August 9th 2020 marked the near end for Europe’s last dictator, Alexander Lukashenko of Belarus. The country went to the polls on August 9th and unsurprisingly Lukashenko prevailed victorious, winning 70% of the vote. However, over the last couple of months, we have seen a huge rise in opposition to the Lukashenko rule and as a result of the contested elections, for almost 11 straight weeks, thousands of protesters have gathered in the streets of Minsk to protest against Lukashenko and his government. It is estimated that 100,000 people have gathered every Sunday since the disputed elections in August. This is all despite the threats of the Belarusian police to open fire on any demonstrators.
It was reported that during the protests on the 18th of October, over 200 people were arrested in relation to protesting, and that water cannons and rubber bullets were used on protesters. Opposition leader, Svetlana Tikhanovskaya, has given Alexander Lukashenko until October 25th to resign and make way for democratic processes in Belarus. However, at the moment, this seems unlikely due to Russia’s heavy involvement in the former Soviet state. Svetlana Tikhanovskaya stated to her supporters: “We will stop only when every political prisoner walks free, when members of law enforcement begin to defend the people, and rule of law and honest elections return to Belarus.”
As of the end of October, it appears that the Lukashenko government will not be stepping down as was demanded by Tikhanovskaya and her supporters but rather, will remain president of Belarus. However, the situation in Belarus poses a possible political threat to Putin’s regime in Russia, which in itself mirrors that of Lukashenko. The uprising of a once submissive public shows the possibilities of what could happen in Russia, should the public make a huge move towards democracy. Just to show how critical the Belarus situation is to Russia and Putin, the Kremlin has placed Svetlana Tikhanovskaya on their most wanted list.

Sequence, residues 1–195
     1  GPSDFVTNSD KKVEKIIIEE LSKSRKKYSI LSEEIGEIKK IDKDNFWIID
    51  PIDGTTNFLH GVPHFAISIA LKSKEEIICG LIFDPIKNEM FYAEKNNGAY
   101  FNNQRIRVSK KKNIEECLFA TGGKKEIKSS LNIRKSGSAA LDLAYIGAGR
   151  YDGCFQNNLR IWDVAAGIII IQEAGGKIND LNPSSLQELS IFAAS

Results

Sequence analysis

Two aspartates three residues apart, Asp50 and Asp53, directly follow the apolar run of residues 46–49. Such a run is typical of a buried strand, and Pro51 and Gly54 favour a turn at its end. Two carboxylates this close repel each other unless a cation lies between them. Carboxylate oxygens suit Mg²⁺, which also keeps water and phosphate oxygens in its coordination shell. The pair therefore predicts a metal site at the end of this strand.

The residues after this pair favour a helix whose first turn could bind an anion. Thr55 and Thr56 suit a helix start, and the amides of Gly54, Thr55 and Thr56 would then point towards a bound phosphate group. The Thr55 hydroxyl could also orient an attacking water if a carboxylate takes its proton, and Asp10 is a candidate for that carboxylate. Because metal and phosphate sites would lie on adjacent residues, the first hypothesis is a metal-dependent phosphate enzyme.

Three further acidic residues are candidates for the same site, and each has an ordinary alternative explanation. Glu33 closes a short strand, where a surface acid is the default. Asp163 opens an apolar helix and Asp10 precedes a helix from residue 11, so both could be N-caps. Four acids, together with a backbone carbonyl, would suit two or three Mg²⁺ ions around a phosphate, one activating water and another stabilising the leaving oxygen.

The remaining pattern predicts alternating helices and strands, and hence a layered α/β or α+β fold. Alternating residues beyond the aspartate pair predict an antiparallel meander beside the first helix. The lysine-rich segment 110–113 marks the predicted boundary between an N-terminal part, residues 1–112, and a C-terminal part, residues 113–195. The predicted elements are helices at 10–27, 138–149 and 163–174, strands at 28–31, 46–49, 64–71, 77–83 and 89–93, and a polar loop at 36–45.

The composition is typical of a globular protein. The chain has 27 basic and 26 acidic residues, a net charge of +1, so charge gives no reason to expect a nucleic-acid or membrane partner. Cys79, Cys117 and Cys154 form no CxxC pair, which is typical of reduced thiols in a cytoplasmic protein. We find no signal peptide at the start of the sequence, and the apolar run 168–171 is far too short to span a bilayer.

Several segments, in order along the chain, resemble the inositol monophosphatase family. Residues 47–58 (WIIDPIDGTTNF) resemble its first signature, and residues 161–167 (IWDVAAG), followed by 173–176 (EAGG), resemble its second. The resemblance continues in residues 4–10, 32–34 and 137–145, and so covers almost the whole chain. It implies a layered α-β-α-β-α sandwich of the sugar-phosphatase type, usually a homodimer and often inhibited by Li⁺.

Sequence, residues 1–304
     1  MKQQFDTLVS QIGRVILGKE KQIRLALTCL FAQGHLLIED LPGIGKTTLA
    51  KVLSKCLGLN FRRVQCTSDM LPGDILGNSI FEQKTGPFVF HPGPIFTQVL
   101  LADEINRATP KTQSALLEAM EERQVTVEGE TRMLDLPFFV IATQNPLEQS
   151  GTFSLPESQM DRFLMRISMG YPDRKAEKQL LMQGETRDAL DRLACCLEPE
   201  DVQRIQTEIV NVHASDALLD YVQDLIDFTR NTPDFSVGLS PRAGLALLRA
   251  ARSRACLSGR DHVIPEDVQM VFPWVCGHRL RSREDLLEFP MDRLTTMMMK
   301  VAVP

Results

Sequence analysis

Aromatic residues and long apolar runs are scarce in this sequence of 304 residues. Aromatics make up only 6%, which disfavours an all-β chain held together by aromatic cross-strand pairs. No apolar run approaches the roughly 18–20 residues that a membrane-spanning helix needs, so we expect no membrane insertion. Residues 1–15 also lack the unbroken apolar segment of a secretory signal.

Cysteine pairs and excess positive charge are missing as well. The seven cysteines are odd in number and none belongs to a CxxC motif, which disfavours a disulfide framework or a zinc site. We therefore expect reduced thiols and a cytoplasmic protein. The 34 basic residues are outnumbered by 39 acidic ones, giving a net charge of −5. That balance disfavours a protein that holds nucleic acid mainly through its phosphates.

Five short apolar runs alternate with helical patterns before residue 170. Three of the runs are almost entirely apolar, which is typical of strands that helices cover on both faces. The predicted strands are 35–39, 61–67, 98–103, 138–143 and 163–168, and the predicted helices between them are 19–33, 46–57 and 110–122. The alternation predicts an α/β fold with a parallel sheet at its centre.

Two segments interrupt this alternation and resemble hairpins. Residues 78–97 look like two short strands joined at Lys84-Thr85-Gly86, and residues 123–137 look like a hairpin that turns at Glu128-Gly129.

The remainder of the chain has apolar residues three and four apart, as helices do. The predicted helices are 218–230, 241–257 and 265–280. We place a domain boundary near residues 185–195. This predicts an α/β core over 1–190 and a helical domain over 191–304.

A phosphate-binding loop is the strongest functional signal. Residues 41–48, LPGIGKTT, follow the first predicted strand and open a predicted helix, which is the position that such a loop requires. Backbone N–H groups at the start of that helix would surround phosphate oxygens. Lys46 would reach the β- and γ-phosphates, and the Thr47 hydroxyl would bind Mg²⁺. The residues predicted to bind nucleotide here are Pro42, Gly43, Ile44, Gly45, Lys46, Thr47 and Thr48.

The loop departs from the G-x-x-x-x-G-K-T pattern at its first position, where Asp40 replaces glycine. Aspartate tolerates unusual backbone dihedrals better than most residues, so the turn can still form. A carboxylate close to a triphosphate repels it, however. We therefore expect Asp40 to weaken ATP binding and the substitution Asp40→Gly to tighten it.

Since the date set by Tikhanovskaya has passed, the opposition has decided to implement a boycott of the ruling government. The strike/boycott is intended to isolate the income from state-run enterprises such as public universities, power plants etc. Along with the boycott of government owned enterprises, many private businesses have also closed in solidarity of the call for democracy. Some examples of the boycott have been university students walking out of class holding hands and powerplant workers leaving work early.
In the most recent protests on the 25th of October, over 100,000 people gathered in Minsk, with reports that 523 people were arrested and the majority of them still remain in custody. Another 155 people were arrested in relation to the government boycott. It is believed that there is another large scale protest planned for Monday the 2nd of November.
Therefore, we will have to remain watchful of the political situation in Belarus as the protests and demands for democracy progress, along with international support from US Presidential Candidate Joe Biden increases. This COVID-19 crisis has shown that citizens have been paying even more attention to their governments, their mismanagement, and corruption, creating more and more pressure for change.
Image source: https://www.latimes.com/world-nation/story/2020-10-26/strikers-in-belarus-press-for-authoritarian-leaders-ouster